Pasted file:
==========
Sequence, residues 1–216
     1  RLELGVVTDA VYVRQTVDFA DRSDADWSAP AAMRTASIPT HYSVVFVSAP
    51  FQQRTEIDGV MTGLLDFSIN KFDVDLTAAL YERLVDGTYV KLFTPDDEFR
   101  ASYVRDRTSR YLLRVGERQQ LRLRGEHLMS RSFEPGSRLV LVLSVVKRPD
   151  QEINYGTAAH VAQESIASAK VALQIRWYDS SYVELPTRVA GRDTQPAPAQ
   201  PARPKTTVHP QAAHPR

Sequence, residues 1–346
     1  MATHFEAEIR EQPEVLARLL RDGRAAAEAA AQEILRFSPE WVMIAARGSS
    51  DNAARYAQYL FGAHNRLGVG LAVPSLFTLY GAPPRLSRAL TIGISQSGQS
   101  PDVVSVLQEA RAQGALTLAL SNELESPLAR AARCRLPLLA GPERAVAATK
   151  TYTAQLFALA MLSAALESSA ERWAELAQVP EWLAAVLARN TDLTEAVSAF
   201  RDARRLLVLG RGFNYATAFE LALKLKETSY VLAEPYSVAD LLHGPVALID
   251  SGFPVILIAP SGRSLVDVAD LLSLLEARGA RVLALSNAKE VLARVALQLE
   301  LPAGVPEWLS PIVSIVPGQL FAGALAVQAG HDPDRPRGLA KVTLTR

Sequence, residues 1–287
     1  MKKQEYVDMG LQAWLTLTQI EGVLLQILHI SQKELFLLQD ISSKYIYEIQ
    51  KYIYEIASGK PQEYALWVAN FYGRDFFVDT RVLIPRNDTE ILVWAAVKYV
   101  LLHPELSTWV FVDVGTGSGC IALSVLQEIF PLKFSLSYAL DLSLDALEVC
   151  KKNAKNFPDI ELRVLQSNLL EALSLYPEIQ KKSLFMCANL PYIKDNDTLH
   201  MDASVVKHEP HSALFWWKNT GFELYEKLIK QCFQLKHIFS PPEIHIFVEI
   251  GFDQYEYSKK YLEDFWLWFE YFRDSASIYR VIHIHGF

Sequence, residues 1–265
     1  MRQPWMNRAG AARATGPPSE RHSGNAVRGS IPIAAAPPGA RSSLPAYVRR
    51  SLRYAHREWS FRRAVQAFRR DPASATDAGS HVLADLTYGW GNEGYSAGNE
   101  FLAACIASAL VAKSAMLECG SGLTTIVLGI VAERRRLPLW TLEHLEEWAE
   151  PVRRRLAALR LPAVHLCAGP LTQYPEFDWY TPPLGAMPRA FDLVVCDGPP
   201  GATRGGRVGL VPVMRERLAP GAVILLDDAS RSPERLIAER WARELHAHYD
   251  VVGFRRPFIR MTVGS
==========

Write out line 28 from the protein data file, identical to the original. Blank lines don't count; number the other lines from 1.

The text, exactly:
   251  VVGFRRPFIR MTVGS